Bernese Peri-acetabular Osteotomy
Hip dysplasia is a common pathology that causes significant morbidity in the young adult population. The abnormal morphology of a dysplastic hip results in nonphysiological loading across the acetabular rim and is associated with labral pathology and the development of osteoarthritis. The goal of corrective surgery in the treatment of hip dysplasia is to improve function by redistributing the load across the hip joint, thereby relieving pain and delaying and possibly preventing end-stage arthritis. In the treatment of adult hip dysplasia, the Bernese peri-acetabular osteotomy (PAO) is the most widely accepted technique for the treatment of hip dysplasia. The PAO provides a method for obtaining a large corrective reorientation of the acetabulum with a single incision and without the need for external immobilization. This is accomplished through a reorientation of the acetabulum which medializes the joint center, improves superolateral inclination, and increases femoral head coverage while keeping the pelvic ring intact. Patient selection is critical to identify patients that stand to benefit the most from this procedure. Factors related to a poor outcome are patient age greater than 35, incongruency of the hip joint, and advanced osteoarthritis. Also, an increased alpha angle can help identify those patients who may benefit from a concomitant arthrotomy or hip arthroscopy to treat a cam deformity of the proximal femur and/or repair the labrum. This procedure can also be used to reorient a retroverted acetabulum in patients with symptoms of anterior impingement and decreased internal rotation.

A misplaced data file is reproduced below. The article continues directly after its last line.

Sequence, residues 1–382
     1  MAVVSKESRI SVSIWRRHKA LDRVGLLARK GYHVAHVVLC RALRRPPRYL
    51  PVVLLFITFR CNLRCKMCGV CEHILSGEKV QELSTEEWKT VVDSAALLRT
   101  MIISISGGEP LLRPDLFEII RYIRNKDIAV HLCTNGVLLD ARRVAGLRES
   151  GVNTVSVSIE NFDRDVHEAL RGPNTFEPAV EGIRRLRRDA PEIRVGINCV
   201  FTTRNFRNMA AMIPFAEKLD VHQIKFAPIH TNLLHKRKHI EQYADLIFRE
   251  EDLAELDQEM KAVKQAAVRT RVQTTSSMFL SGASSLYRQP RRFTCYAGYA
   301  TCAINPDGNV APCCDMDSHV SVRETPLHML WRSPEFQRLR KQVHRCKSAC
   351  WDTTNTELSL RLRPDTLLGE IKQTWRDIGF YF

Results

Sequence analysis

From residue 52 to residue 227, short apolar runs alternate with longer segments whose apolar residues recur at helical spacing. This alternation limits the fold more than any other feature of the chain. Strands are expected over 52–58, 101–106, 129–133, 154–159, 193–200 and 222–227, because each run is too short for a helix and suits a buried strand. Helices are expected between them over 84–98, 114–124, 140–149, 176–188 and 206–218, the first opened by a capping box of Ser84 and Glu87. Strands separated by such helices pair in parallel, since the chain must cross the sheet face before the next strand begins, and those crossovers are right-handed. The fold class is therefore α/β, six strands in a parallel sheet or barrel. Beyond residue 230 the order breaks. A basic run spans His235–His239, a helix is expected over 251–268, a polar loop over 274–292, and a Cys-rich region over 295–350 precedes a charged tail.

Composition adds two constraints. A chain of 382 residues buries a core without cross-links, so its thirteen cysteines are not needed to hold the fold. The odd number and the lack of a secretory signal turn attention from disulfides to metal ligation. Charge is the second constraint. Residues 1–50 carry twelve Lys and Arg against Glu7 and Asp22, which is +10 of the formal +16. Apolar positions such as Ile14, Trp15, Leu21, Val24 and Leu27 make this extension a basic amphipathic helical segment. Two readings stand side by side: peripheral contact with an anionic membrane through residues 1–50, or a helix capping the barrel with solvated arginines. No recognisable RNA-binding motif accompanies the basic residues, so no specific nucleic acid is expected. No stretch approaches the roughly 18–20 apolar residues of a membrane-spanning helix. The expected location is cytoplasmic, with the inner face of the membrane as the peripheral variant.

KeywordsPeri-acetabular Hip dysplasia Retroversion Labral tear Pelvic osteotomy
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